ORCA: How to Bid on Liquidations


Table of contents

Intro to ORCA

ORCA is the first product from Kujira, a team dedicated to making dApps which make DeFi accessible to everyone.

ORCA’s intuitive design makes the liquidation process simple to navigate.

We’ve made a silky smooth UI and everything from placing your bids to withdrawing your earnings is little more than a few clicks.

This article is a companion piece as you venture into your first liquidation bids.

We’re confident you’ll get the hang of it quickly, but if you run into any trouble, our enthusiastic Telegram Community is always eager to help.

Main ORCA user interface

It’s liquidation time

Don’t worry, you don’t do the liquidations. ORCA takes care of that. You have two decisions:

  1. How much to bid.
  2. Which premium to bid at.


The size of your bid is completely up to you. There are no minimum or maximum amounts. Choose the amount you wish to bid and hit the blue button marked, “Place My Bid”. ORCA’s dashboard shows the total value of bids at each premium, and the premiums at which you have placed bids.

Yup, you can place bids at as many premiums as you like.

Placing bids on ORCA


The premium is the discount received by the bidder. It starts at 0%, goes up to 30% and the smallest premiums are satisfied first. Assuming there are enough loans to liquidate, all the bids at the lowest premium are utilized before the next highest are activated, moving steadily upward until there is no more collateral to liquidate or no more bids.

Live ORCA bids displayed

Withdrawing bASSETS

When you’re ready to call it a day, it’s time to withdraw your bASSETS. Simply click on the green Withdraw button, confirm the transaction on your wallet, and the bASSET will be removed from ORCA and placed in your wallet.

Withdrawing liquidated collateral

Cancelling bids

The same goes for your bids. If you decide to cancel your bid to re-deploy at a different premium (or move from bLUNA to bETH) scroll down to the table marked “My Bids” and click the red Cancel button next to the bids you’d like to, you know, cancel.

Cancel ORCA bids

General info

There’s some background knowledge you need to better understand this process. Here’s the steps to placing your first successful liquidation bids. We’ve added every step we can think of, so skip the ones you already know about.

You’re gonna need a wallet

If you haven’t already downloaded the app, or the Chrome extension, you’re gonna need to start there. Remember to take all necessary precautions with your passwords and seed phrase. Load it up with some UST and you’re good to go.

What’s a loan?

When an individual wants to borrow UST, they deposit collateral with Anchor in the form of a bonded asset. This is currently either bLUNA or bETH. We go into more detail in this intro to liquidations.

The loan in this instance is the UST that Anchor loans to the borrower.

This loan has terms attached to it; if the borrower is unable to meet these terms, the loan is liquidated, and the borrower forfeits the collateral they had bonded.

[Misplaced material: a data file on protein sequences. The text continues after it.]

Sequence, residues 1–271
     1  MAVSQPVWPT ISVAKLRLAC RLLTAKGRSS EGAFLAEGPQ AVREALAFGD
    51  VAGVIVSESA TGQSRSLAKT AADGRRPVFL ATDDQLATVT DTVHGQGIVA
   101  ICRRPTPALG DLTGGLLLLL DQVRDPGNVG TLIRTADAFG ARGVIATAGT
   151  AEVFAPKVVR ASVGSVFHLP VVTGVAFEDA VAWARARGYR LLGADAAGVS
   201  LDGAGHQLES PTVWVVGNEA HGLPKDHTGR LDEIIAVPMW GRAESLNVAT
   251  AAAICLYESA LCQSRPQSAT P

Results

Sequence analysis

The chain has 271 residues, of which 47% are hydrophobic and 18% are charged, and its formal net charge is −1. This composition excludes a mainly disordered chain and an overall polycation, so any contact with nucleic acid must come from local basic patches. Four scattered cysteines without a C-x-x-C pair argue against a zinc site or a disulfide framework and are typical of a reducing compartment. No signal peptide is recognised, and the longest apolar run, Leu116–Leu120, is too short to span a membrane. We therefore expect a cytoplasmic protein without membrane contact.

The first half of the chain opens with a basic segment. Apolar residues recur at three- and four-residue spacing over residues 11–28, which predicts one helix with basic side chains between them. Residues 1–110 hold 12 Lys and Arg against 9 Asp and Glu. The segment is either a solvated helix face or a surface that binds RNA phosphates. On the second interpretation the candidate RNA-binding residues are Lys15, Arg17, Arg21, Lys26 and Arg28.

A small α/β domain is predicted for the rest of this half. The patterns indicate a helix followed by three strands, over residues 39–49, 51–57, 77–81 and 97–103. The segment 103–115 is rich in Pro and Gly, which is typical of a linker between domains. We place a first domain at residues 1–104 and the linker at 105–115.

When this happens, a liquidation occurs.

What’s a liquidation?

Anchor loans out UST equal to a maximum of 60% of the collateral bonded. When that ratio tips past 60%, the loan is deemed to be at risk and in danger of liquidation. This happens because the loan is in stable UST, but the collateral (bLUNA, for example) fluctuates in value.

Bottom line, when the value of the borrower’s collateral goes down, their loan could be deemed at-risk.

A third party then steps in to pay up the difference. In Anchor’s case, that third party is ORCA users (i.e. you).

What happens when a liquidation occurs?

When a loan is liquidated, the lender seeks to recoup the UST they loaned out.

This is the liquidator’s role: they pay up the difference and make the lender whole.

The lender rewards the liquidator for this service by selling them the collateral at a discounted price compared to the going market value. The size of the discount is known as the premium, and on ORCA, you choose a premium from one to thirty percent.

An example

Bob has some LUNA. He mints $100 of bLUNA in Anchor and then deposits it. He’s eligible to borrow $60 of UST, which he may use however he likes.

Meanwhile, his buddy Ross has $100 UST, which he bids at 30% on ORCA.

Crypto is a volatile market and some FUD makes LUNA’s value slide. Bob’s $100 of bLUNA is now worth $95, and his loan is at risk.

ORCA leaps into action, and Ross’ bid comes into play. Bob’s loan is liquidated, and Ross receives the bLUNA at the premium he bid on.

The end result stands like this:

  1. Anchor (the Lender) gets the $60 back they had loaned out by “selling” the bLUNA Bob bonded.
  2. Bob has the $60 he borrowed, but the bLUNA is no longer his*.
  3. Ross has $95 worth of bLUNA, which he paid $66.5 for. Ross still has $33.5 left in the ORCA contract should any other at risk liquidations pop up.

*Fortunately for Bob, the token he bought with the UST he borrowed does pretty good. At Kujira, we like it when everyone has a happy outcome.